UK markets will be waiting for the details to be released around the government’s windfall tax on energy companies.

Mixed day for Asian equities

Wall Street bounced overnight and the FOMC Minutes were less hawkish than feared. The relief rally saw the S&P 500 rise by 0.95%, the Nasdaq jump 1.51% higher, while the Dow Jones added 0.60%.

In Asia, we see the usual trend move from the main session with US futures easing slightly. S&P futures are 0.15% lower, Nasdaq futures have fallen by 0.40%, and Dow futures are unchanged.

The mixed picture continues elsewhere, with Japan’s Nikkei 225 edging 0.25% lower, while South Korea’s Kospi has edged 0.20% higher. Taipei is down 0.30%, but Singapore has gained 0.90% Thursday as local investors piled into banking and property heavyweights. Kuala Lumpur is just 0.15% higher, with Bangkok climbing 0.55%, and Manila adding 0.25%.

Australian markets are mixed. The All Ordinaries has fallen by 0.30%, while the ASX 200 is unchanged.

Oil markets slumber

Oil prices had another comatose session, barely rising from the day before. Nevertheless, both Brent crude and WTI have held on to all their recent gains, suggesting the weaker side is the upside in prices for now.

While China slowdown fears are receding in the minds of traders, for now, fears persist around the increasing tightness of the US diesel market, and not ruling out export controls has unnerved international markets, and rightly so. I expect prices to remain firm for the rest of the week, with the global data calendar fairly light.

Brent crude rose 0.60% to $114.35 overnight, where it remains in an equally quiet Asian session. WTI rose 0.40% to $110.70, adding just 20 cents to $110.90 in Asia.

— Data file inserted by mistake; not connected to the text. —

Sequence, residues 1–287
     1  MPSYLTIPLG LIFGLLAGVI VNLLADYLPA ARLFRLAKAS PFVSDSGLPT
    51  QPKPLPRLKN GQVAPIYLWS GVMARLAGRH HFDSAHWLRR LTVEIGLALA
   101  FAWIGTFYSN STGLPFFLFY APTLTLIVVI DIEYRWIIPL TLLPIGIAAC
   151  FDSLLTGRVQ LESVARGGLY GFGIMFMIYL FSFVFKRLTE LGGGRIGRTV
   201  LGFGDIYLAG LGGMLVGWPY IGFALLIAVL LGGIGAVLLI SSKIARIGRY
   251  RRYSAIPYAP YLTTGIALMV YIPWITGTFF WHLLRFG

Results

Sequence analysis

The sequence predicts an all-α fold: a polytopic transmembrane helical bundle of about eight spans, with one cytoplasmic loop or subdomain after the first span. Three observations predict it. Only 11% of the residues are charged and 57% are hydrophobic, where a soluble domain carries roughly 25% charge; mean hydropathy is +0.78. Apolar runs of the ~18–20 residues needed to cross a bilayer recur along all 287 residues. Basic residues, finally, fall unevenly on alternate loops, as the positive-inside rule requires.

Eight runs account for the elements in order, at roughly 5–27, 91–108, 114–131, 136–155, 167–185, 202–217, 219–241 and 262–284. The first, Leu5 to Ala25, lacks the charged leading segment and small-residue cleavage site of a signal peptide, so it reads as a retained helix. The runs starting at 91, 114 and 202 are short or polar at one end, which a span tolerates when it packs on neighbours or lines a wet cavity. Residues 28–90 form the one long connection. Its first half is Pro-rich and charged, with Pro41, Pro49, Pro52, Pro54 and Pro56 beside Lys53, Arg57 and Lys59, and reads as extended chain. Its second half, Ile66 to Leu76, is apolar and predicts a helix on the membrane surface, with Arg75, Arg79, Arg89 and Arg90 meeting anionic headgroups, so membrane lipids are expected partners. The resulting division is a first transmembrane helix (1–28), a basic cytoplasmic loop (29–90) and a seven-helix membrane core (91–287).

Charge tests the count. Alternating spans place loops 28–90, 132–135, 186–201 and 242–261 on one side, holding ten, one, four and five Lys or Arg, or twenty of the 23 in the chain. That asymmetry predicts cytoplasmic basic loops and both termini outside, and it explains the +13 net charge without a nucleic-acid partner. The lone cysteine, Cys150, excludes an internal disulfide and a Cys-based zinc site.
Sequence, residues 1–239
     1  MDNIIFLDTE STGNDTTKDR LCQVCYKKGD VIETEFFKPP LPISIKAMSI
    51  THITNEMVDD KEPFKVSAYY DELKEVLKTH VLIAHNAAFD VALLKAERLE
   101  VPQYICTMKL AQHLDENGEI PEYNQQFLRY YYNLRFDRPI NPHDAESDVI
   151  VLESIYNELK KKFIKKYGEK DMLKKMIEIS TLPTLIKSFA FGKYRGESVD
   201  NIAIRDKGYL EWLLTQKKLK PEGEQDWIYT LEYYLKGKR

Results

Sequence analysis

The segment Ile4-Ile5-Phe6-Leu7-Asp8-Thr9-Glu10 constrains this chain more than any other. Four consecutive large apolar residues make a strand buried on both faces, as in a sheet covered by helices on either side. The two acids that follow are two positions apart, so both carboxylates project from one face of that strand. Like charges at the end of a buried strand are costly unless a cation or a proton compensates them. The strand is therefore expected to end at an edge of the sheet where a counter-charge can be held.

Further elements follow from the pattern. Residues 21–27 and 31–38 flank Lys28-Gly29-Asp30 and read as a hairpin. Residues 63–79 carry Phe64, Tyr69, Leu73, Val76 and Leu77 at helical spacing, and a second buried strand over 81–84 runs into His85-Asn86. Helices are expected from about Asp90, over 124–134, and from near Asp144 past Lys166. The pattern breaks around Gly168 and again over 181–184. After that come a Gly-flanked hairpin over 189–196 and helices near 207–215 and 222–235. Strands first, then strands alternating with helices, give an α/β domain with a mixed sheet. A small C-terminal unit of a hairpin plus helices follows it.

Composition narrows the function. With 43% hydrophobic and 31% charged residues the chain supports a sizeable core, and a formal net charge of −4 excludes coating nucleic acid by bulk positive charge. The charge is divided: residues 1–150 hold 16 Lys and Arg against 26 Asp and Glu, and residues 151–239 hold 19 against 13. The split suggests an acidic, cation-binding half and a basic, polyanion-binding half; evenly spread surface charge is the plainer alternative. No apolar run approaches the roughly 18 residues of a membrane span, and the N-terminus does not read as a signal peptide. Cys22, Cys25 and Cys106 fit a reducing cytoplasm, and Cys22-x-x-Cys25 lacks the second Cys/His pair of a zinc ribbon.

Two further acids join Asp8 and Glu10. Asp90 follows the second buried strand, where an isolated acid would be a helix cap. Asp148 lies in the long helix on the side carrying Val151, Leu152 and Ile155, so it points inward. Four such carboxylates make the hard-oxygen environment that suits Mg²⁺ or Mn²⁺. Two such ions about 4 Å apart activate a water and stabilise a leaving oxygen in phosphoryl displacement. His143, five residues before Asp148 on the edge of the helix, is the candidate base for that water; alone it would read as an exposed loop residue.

Brent crude has resistance at $115.00 and $116.00, with support at $112.00. A rally through $116.00 could set up a retest test of my medium-term resistance at 120.00.

WTI is taking comfort from the White House stance and is sitting in a 108.00 to 112.00 a barrel range. Nevertheless, a topside breakout by Brent will drag WTI higher as well, allowing a test of the $115.00 to $116.00 resistance zone.

Gold weakens

Gold fell 0.70% to $1853.25 an ounce overnight, retreating another 0.45% to $1845.00 in Asia.

The true test of gold’s underlying strength will be maintaining gains in the face of a US Dollar rally. The fall by gold over the last 24 hours in the face of modest US Dollar strength does not fill me with confidence. Further US Dollar strength could see gold face one of its ugly downside shakeouts.

Gold has nearby support at $1842.00, followed by $1836.00. Failure sees the possibility of a mini-capitulation by longs that could reach as far as $1780.00. On the topside, gold has resistance at $1870.00, followed by $1886.00, its 100-day moving average.


Jeffrey Halley is Senior Market Analyst, Asia Pacific at OANDA

Opinions are the author’s, not necessarily that of OANDA Global Corporation or any of its affiliates, subsidiaries, officers or directors. Leveraged trading is high risk and not suitable for all. Losses can exceed investments.